The basic outline for today was read--converse--write. RCW. I asked students to read the letter twice. The second time I asked them to underline specific things that they thought would be important to know and if they had a question, label it with a question mark.
Second, I asked them to write a quickwrite that answered the questions in the picture. We're looking at main ideas--what is the author telling me? What does the author want me to know? B is for the overachievers and asks students to evaluate the knowledge and integrate it. Out of all of the things that the author wrote, what was most helpful and least helpful? Why?
After each group had read all the letters aloud, I asked them to talk about what they learned about me, English, seventh grade, etc. I gave them very specific instructions to bother speak, listen, and record. They all needed to share what they'd learned. They all needed to listen to what everyone else had learned. They all needed to record new things that the writer of their letter didn't tell them about.
Here's the handout that I gave students with all the questions typed out nicely with lines for them to write on!
I could have lectured them about all of my requirements and expectation, and I have in other years. I had a PowerPoint with all of my expectations and rules and procedures and it was the most boring thing ever. Having them read, from a primary source (last year's students), what I expected was so much more powerful. They were able to narrow in on all the important expectations I had, as well as some minor idiosyncrasies that the students warned them of. It was powerful, and I will certainly do this activity again this year.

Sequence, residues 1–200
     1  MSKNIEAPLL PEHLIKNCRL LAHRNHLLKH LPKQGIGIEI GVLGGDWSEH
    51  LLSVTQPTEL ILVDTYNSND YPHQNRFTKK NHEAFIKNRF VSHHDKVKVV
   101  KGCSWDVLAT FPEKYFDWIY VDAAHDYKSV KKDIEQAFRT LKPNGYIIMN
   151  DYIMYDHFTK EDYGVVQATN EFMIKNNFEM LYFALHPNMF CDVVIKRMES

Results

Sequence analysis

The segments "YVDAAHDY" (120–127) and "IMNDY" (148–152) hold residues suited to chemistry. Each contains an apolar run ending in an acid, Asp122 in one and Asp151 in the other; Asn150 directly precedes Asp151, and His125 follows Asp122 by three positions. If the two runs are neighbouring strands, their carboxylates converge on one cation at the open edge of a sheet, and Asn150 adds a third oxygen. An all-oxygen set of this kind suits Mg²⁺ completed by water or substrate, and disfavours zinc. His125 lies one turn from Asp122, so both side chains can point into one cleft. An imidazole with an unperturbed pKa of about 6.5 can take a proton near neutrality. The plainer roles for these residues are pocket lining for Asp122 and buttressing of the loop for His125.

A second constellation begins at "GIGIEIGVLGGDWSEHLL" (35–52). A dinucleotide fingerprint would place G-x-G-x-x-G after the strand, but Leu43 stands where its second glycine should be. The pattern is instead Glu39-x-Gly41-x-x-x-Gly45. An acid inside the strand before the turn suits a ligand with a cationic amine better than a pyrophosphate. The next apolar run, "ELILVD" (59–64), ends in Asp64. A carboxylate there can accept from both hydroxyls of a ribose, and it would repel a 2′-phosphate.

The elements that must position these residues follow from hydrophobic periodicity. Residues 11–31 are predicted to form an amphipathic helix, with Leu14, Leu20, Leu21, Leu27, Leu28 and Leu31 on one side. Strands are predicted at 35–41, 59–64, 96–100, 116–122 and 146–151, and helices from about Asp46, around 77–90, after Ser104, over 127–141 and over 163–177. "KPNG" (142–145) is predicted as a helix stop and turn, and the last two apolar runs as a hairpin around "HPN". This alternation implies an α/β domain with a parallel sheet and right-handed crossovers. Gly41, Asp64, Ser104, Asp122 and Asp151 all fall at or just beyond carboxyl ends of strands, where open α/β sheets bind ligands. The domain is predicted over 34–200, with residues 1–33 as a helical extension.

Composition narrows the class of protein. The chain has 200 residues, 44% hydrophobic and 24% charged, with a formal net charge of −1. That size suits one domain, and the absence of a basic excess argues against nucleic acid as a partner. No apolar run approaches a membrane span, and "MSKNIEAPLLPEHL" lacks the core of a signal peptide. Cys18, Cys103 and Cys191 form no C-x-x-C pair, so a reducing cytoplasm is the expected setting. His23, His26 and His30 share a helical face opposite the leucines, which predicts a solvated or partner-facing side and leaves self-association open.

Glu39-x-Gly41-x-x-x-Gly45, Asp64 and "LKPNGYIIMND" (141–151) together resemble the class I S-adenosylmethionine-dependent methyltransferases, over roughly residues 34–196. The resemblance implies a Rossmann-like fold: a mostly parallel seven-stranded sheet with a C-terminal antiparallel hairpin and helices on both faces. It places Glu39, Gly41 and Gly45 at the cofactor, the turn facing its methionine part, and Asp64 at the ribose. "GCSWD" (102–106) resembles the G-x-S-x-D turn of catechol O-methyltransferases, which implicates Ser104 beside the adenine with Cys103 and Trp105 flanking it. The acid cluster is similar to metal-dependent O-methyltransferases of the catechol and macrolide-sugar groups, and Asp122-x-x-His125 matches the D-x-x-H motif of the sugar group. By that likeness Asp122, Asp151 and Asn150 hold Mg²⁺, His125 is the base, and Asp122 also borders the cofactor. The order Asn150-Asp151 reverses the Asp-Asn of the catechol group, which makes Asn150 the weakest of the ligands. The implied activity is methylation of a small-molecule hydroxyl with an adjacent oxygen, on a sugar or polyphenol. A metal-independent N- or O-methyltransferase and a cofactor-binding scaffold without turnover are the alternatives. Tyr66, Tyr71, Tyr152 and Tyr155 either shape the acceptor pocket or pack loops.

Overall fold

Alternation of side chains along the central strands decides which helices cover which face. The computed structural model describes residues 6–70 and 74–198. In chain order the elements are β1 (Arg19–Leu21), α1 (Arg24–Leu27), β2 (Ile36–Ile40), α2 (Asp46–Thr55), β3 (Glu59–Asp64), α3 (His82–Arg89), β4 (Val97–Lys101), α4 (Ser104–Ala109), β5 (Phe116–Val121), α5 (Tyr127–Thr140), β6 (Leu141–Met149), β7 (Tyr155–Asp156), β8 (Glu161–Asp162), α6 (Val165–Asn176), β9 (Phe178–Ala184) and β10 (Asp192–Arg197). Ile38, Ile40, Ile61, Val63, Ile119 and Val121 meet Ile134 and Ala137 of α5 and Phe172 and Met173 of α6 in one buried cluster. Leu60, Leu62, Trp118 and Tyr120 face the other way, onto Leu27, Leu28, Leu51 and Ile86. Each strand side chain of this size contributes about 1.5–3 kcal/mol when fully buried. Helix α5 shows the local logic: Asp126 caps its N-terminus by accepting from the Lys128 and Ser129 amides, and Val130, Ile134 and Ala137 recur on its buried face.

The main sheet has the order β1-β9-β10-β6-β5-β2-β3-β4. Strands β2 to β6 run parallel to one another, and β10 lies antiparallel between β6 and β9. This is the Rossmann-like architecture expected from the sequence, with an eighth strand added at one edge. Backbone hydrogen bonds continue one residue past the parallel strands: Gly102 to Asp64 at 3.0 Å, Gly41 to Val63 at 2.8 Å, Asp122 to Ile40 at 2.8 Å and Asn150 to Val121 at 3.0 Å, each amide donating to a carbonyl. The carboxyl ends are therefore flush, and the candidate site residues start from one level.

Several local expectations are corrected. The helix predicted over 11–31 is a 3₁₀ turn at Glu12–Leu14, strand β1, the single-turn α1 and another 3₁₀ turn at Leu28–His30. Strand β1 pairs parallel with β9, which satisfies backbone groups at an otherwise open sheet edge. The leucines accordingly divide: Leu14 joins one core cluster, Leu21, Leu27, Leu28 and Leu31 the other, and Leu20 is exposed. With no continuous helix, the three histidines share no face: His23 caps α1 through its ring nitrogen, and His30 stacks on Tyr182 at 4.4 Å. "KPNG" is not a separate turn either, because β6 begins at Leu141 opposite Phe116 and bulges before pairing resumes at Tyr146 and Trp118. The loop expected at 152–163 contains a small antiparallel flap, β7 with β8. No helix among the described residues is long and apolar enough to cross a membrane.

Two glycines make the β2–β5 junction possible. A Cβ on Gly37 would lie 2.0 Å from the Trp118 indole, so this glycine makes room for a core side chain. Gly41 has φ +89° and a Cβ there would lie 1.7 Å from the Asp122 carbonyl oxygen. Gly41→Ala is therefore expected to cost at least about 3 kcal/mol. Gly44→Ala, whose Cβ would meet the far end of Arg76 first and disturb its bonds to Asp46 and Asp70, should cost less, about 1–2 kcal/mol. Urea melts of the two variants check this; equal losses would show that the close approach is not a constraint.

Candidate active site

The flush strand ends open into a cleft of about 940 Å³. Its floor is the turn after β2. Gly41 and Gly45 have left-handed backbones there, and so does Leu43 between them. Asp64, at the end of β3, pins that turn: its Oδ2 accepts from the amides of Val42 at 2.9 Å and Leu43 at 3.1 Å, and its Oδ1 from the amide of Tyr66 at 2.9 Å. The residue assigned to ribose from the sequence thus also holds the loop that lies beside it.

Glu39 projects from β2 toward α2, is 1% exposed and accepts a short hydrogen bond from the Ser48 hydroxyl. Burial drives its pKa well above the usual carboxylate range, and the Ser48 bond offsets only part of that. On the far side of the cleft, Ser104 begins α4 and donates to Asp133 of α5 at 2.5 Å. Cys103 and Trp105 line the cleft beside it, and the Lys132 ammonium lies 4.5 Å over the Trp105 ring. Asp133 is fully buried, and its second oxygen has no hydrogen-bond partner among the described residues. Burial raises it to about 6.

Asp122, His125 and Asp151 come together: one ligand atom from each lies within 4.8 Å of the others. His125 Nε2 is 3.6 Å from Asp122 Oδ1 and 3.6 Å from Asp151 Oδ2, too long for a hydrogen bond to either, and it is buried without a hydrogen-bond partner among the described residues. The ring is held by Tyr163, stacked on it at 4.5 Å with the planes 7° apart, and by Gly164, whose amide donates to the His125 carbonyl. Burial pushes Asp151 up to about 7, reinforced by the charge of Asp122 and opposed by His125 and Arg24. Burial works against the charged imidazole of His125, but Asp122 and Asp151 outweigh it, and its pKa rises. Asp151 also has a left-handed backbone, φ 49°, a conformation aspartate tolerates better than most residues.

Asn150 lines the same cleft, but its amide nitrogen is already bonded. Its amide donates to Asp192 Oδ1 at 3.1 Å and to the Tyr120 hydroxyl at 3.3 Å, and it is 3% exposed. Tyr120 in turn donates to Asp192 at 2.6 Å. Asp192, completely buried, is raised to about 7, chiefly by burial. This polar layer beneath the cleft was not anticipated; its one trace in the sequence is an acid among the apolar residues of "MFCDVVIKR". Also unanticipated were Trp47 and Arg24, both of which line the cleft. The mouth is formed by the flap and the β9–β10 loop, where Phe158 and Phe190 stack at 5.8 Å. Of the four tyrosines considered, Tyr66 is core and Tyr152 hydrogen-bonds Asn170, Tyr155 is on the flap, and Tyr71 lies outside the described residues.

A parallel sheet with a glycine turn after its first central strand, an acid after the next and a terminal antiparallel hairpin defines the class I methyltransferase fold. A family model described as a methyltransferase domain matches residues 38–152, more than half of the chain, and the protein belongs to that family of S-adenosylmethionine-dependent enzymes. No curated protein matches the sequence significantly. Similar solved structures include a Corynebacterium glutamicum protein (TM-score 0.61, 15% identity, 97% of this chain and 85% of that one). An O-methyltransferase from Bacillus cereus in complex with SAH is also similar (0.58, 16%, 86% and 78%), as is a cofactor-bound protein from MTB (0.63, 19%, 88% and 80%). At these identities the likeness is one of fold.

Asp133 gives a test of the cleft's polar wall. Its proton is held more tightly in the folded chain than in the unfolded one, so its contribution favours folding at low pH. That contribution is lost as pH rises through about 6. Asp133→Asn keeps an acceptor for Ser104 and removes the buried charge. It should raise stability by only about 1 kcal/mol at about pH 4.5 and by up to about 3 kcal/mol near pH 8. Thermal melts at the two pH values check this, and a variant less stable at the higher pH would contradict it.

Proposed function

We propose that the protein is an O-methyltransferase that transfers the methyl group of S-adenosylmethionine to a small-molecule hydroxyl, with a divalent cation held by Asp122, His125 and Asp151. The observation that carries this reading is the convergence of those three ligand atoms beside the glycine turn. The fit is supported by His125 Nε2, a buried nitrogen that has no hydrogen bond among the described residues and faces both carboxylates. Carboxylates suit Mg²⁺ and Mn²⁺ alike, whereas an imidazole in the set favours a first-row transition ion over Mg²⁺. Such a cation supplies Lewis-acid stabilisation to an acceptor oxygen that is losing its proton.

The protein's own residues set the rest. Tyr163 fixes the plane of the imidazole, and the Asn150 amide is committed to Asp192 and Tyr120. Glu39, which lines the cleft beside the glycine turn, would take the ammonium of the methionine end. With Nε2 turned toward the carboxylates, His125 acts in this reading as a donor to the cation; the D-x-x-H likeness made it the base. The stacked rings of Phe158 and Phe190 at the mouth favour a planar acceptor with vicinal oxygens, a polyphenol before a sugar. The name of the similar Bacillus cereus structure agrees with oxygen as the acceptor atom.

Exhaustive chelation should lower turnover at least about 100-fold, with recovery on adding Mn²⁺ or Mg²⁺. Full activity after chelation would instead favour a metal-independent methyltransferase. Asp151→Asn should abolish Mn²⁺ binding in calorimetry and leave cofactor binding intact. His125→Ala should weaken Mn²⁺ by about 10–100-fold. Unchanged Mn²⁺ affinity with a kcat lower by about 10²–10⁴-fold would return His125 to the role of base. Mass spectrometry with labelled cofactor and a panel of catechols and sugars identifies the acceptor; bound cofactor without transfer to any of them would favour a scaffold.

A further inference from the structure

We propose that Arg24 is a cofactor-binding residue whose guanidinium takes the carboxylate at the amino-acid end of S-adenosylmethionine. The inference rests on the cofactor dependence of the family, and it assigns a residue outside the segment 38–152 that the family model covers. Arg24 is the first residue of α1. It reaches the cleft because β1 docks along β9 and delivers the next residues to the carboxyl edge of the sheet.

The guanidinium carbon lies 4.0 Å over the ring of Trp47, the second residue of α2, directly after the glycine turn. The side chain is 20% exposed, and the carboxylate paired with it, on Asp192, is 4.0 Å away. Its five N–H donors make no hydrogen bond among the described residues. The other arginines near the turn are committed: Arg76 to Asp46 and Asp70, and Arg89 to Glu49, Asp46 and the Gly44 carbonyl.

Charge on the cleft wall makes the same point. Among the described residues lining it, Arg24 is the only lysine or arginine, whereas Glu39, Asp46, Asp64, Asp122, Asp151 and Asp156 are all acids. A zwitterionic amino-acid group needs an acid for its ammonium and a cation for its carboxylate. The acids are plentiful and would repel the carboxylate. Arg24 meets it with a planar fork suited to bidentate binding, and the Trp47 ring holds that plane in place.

To bring everything together, I asked students to look at what they'd discussed and consider the most important things they'd learned as well as questions they still had.
Depending on time, I did this two ways. Some classes had to do required agenda handbook reading, others didn't, so I planned two pieces of closure.
The first, which takes less time, was having students write comments and questions on sticky notes and place them on the parking lot. Please see the reflection in this section for more information about the parking log strategy. It's basically a tool you can use to help students communicate with you.
I gave each group two or three sticky notes and asked them to write down important things they'd learned or questions they still had. The question should be something that wasn't explicitly answered in their letters.
After students finish placing the sticky notes on the parking lot, I went through the sticky notes and talk about them, including the silly things.
The other strategy is the 3-2-1 strategy, which is on the handout. For this, students write down three things they learned about my expectations, two things I can do to help them be successful, and one question they still have. Timing is always funky on the first day of school, so I make sure that I have multiple options and am flexible.
To hear about ETL and why I love it so much, see this video.
Today's lesson picture is a picture of my empty classroom. My empty classroom just waiting for students to arrive and make it come alive.